Below is an example from my life about parenthood, but the principles to this story can be applied to all areas of life—work, school, volunteer, or whatever. If you’re struggling as a parent, it’s okay. We all are. Secondly, reach out for help—I do the same. We are that village that takes to raise all of our kids.
It must be a popular statement, or else it simply sticks out in my mind because I’ve begun to notice it everywhere. Here’s how the conversation usually goes:
Friend: “How old are your kids again?”
Me: “Their ages are…”
Friend: “Oh wow. Yeah. You’re just surviving. That’s all you’re doing right now.” (emphasis mine)
While I appreciate my friend’s compassion and validating my attempt at being a good parent, I’ve begun rethinking this line.
It’s not just one friend, either. It’s family. It’s many friends. It’s coworkers. The difficult thing is just that: so many people tell you this as a parent with young kids that you just accept that’s how life is.
But then what are you supposed to do? Bide your time until your kids grow up a little bit? Then you’re busy because you’re running them from school to soccer practice—oh, shoot! Then picking up the other one for ballet and then a quick bite to eat, home for homework, and finally exhausted on the couch! Then repeat the next day.
If you need to get past that period of life, then what? Teenagers? Ugh. I don’t even need to go there!
So if you’re just surviving with young kids, frazzled with being a soccer mom, and finally teenagers, then what? Wait till they’re out of the house? By then you’re in your 50s and thinking of retirement, grandkids, and if your bones weren’t hurting in their 30s (mine are) then your 40s and certainly your 50s.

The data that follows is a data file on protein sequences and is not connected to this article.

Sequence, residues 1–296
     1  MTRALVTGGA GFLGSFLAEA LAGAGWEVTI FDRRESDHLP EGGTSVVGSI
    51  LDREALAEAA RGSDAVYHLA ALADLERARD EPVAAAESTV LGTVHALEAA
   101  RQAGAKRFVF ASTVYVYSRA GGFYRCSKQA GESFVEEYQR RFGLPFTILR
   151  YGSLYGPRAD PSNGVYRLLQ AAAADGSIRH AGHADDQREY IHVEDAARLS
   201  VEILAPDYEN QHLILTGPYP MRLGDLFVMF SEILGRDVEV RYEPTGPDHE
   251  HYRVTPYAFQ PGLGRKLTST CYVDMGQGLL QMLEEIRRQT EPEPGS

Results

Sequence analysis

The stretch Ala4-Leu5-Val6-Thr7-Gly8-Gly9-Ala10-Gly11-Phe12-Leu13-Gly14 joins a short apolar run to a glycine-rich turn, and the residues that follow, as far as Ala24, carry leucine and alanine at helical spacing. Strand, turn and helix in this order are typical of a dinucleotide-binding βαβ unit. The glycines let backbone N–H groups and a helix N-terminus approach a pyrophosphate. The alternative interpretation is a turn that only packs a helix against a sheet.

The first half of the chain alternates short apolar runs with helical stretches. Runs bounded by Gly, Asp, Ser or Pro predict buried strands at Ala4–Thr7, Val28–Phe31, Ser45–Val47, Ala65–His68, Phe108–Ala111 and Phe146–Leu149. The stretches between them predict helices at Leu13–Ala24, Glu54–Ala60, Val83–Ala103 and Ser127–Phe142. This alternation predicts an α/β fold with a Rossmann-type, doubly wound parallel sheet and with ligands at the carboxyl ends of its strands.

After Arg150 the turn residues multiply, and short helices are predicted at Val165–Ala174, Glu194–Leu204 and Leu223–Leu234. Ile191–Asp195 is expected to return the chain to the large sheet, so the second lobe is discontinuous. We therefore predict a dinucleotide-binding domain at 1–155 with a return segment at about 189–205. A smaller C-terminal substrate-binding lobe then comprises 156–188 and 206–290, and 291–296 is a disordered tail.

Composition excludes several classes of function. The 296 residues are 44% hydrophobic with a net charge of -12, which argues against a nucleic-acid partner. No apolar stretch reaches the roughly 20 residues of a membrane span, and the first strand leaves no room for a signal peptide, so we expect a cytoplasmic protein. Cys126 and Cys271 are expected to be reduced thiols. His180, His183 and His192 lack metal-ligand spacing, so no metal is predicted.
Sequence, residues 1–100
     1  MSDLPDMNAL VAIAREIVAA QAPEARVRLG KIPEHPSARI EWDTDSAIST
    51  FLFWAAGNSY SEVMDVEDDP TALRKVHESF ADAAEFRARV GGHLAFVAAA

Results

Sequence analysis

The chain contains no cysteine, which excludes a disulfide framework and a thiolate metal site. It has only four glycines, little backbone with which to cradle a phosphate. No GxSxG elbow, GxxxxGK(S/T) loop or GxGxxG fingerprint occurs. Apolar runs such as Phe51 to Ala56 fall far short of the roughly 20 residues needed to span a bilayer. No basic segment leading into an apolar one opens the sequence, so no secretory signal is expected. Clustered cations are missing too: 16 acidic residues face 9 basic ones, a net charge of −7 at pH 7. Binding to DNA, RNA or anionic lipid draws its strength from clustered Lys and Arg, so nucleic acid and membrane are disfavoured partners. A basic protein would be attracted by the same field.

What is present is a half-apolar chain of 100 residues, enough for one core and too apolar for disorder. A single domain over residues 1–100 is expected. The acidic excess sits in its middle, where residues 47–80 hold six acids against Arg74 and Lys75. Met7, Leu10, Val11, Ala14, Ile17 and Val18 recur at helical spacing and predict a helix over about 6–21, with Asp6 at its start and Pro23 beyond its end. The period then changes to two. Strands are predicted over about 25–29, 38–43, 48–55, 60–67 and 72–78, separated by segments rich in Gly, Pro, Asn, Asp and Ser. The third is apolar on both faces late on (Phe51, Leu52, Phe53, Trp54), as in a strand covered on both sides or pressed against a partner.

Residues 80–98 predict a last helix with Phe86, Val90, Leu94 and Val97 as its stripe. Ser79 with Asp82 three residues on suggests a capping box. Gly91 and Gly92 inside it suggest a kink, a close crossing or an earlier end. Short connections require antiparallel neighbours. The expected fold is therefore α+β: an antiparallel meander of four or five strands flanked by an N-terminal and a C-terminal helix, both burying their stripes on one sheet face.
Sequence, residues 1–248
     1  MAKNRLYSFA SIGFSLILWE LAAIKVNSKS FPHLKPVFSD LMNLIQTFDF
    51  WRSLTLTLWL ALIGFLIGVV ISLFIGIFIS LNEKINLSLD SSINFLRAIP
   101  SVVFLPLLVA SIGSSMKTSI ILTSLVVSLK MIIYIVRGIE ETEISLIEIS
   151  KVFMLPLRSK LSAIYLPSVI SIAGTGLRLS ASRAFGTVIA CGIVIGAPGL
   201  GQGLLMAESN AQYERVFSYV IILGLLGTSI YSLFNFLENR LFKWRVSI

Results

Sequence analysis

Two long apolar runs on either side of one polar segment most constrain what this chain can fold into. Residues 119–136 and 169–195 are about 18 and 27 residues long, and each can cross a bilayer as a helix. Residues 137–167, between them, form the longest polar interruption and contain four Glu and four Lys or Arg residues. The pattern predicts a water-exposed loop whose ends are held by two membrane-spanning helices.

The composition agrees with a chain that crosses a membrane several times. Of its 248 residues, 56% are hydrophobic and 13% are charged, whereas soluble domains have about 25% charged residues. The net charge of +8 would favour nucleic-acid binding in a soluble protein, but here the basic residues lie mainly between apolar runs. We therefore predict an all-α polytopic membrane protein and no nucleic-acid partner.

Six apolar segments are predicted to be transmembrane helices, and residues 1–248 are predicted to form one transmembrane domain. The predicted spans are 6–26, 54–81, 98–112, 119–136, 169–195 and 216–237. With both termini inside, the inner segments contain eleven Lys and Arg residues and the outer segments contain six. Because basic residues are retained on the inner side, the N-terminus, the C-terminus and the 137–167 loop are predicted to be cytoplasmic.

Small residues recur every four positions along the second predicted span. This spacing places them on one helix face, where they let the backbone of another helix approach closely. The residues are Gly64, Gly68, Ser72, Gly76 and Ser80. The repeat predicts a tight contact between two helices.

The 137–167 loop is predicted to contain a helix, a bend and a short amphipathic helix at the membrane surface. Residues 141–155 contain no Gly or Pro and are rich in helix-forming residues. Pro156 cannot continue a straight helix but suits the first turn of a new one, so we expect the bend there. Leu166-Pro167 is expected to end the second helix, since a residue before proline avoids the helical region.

There are no easy answers, only deep, soul-searching questions. But for those of you who are just surviving, I must ask the question, “what are you surviving for?” Are you surviving so that you can work to make the world a better place? Just to get by and hope bad vibes stay out of your way? So that you can live to see a concert, achieve a goal, unlock a quest, or see your kids attain _________? Is that it? Is that all?
We each have varying levels of hope for the future. Some are distraught, some are depressed, and some are optimistic—and some are in between. The purpose of this thought isn’t to be a depressant, but to awaken our souls to these questions. I’d rather go through life asking difficult questions that I may never get the answers to, than to idly sit by too afraid to open the door.
So, to those who have a family member with cancer. To those of us who are workaholics. To those of us who are in over their heads with debt. To those of us who can never seem to catch up. Who feel as if they aren’t even a half-way decent parent. Who feel like failures as parents. Who are cancer survivors. Who can’t catch a break. Who have recently lost a child, parent, spouse, or close friend. To those of us who simply feel like we’re only surviving. Here is the message: there is hope—we just spent a month sharing the Christmas story. Read it (the real version, not the fluffed up Santa version).
However, even if you’re not religious (or don’t want to discuss it), spend time with a close friend or family member. Deepen the bonds you have—or feel like once had—with that person. Shed your toxic relationships. Get away and reflect on your last year. It’s not going to be easy. But go on a walk, let it out (cry, if needed!). You can’t move forward in life if you disallow yourself to share with others and yourself. Be willing to reflect on your past, current situation, and dreams for the future. If you do that, you may find that all you’re doing is surviving, but maybe, just maybe, you’ll begin to find hints of meaning.